282 The Mira of Granville was the countess of Newburgh. Towards the end of her life, Dr. King, of Oxford, wrote a very severe satire against her, in three books, 4to. called 'The Toast.'-Warton.
291 Here noble Surrey. Henry Howard, earl of Surrey, one of the first refiners of the English poetry; who florished in the time of Henry VIII.-Pope.
303 Edward's acts. Edward III., the builder of Windsorcastle; a man of great political talents, which only gave vigor to his tyranny; a conqueror, who scourged France, nearly to
Draw monarchs chain'd, and Cressy's glorious
The lilies blazing on the regal shield:
Then, from her roofs when Verrio's colors fall,
Still in thy song should vanquish'd France appear, And bleed for ever under Britain's spear.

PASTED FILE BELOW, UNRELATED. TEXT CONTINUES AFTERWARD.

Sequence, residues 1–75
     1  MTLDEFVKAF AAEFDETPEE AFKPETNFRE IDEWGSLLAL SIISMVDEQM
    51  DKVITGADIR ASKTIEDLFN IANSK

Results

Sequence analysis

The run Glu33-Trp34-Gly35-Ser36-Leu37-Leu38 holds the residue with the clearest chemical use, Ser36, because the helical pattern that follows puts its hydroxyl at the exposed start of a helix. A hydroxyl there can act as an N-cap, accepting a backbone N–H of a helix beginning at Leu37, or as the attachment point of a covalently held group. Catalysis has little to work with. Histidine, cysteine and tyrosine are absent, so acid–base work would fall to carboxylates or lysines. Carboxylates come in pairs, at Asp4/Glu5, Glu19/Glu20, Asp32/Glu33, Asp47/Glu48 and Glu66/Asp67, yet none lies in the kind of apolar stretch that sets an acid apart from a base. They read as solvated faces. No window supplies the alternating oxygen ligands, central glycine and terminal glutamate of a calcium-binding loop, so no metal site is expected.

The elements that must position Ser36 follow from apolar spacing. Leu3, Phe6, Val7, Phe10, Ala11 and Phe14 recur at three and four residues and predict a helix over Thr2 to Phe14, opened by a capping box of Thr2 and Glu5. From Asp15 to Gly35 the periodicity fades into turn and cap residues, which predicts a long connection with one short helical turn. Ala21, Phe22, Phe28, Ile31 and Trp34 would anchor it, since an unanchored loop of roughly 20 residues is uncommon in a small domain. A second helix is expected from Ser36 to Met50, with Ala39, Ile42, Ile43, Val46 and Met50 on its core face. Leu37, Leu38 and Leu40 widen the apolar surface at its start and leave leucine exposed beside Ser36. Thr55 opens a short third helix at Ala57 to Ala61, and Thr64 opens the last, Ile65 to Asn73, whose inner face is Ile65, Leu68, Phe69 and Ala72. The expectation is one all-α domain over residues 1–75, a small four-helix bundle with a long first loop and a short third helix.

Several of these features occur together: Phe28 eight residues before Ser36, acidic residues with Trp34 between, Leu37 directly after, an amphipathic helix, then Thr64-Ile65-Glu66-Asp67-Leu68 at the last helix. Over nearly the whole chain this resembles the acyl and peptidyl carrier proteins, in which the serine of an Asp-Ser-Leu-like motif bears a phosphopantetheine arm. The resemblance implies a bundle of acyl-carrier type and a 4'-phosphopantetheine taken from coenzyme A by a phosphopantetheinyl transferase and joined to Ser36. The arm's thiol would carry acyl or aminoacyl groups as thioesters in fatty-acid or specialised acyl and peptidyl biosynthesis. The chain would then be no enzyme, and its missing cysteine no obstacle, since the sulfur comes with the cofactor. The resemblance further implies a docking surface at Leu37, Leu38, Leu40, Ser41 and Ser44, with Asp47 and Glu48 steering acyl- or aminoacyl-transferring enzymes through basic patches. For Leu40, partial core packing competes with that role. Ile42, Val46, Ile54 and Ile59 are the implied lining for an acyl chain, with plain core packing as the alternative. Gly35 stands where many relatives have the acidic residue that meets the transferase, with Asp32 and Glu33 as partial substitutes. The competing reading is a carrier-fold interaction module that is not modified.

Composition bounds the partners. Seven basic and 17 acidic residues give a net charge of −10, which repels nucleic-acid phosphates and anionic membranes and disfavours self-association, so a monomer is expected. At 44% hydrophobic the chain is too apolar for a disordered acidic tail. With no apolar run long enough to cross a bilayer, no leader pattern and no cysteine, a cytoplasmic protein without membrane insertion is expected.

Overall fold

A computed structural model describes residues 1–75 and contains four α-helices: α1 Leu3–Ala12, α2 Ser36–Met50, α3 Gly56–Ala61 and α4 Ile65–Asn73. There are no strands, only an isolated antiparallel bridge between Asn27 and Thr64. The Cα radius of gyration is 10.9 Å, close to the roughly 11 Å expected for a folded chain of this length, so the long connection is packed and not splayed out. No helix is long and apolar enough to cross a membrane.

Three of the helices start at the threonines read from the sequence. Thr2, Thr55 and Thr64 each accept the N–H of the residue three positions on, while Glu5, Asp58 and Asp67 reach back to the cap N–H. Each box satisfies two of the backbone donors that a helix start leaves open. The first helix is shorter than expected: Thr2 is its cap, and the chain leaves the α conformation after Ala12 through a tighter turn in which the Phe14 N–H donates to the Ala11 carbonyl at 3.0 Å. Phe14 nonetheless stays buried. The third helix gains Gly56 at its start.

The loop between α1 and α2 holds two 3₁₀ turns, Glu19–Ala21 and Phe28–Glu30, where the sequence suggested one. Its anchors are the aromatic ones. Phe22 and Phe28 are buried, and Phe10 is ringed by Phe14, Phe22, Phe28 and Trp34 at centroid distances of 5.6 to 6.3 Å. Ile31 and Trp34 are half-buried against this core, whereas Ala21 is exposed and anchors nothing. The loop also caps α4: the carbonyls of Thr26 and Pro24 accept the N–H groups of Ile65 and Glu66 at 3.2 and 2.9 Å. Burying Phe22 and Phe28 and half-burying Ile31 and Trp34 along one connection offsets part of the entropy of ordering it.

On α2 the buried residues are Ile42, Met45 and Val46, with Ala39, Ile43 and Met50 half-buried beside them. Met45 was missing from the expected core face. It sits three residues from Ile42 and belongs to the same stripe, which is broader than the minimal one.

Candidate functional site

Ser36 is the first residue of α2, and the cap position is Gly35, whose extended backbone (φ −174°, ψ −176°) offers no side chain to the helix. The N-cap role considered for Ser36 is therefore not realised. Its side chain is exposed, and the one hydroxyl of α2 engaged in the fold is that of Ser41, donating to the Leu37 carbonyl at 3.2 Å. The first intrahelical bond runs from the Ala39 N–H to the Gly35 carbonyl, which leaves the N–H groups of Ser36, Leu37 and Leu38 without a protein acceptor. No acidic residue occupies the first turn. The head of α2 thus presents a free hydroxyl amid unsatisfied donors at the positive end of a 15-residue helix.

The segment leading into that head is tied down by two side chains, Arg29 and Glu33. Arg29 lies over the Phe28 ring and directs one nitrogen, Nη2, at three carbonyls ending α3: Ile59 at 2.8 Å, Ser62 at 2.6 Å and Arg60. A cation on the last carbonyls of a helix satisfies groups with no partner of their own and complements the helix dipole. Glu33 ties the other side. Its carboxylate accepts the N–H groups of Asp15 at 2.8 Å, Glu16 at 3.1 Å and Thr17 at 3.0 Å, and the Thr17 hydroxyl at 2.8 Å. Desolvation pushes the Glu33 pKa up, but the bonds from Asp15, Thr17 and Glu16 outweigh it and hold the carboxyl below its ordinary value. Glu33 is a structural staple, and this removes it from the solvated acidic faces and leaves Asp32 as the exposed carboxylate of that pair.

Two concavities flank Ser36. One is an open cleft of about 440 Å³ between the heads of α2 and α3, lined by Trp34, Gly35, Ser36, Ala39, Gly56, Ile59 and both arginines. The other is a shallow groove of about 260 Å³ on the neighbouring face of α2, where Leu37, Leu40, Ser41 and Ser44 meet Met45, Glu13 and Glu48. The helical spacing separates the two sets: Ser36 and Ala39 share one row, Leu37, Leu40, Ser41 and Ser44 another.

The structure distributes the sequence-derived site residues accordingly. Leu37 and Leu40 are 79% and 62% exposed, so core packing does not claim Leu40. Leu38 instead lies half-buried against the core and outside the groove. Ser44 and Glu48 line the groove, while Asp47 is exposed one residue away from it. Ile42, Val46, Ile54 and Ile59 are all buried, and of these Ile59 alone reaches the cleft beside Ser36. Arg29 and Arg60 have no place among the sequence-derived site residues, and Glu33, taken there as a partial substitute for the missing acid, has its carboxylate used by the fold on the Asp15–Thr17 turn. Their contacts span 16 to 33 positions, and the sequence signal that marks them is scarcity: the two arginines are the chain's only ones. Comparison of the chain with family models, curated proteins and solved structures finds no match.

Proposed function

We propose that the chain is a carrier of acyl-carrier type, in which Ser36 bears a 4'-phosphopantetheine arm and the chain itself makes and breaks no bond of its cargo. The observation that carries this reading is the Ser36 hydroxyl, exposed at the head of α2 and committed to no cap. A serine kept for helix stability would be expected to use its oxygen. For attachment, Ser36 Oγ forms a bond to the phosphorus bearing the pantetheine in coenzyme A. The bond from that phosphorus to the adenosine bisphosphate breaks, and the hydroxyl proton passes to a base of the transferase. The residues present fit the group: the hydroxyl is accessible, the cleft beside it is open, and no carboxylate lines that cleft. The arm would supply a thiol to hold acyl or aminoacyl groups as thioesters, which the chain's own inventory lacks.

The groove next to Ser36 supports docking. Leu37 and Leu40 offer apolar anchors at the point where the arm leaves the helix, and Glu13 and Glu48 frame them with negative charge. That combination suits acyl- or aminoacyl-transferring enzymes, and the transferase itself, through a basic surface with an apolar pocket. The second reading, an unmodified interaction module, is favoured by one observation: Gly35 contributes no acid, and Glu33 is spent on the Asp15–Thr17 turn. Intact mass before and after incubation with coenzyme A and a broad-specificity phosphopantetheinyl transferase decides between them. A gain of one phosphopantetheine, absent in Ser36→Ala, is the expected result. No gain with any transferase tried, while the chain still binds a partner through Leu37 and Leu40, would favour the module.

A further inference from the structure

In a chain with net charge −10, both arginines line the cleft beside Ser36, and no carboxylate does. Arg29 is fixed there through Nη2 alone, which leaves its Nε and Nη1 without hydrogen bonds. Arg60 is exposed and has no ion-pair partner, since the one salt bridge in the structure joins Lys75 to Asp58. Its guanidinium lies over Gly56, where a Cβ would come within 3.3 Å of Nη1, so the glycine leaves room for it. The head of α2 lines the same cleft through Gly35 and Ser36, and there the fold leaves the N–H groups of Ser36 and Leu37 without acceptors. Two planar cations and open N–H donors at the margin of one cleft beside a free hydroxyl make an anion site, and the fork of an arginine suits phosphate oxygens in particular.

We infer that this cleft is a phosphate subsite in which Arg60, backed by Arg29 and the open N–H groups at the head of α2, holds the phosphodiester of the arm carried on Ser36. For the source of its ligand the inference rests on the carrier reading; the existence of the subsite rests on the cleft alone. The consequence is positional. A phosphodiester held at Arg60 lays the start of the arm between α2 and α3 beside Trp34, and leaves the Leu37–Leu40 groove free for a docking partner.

Let softer strains ill-fated Henry mourn, And palms eternal florish round his urn. Here o'er the martyr-king the marble weeps, And, fast beside him, once-fear'd Edward sleeps: Whom not the extended Albion could contain, From old Belerium to the northern main, The grave unites; where ev'n the great find rest, And blended lie the oppressor and the oppress'd!
the ruin of England; a statesman, closing an unexampled course of popular supremacy in popular scorn; and a king, who after a reign of fifty-one years of uncontested power, left his country the tremendous legacy of the York and Lancastrian
307 Verrio's colors. An Italian decorator of ceilings and staircases. Walpole keenly remarks, that Verrio's pencil was always ready to pour out gods and goddesses, kings and triumphs, over those public surfaces, on which the eye never rests long enough to criticise, and where one would be sorry to place the works of a better master.'
311 Ill-fated Henry. Henry VI., the founder of Eton college, and builder of the chapel of King's-college, Cambridge.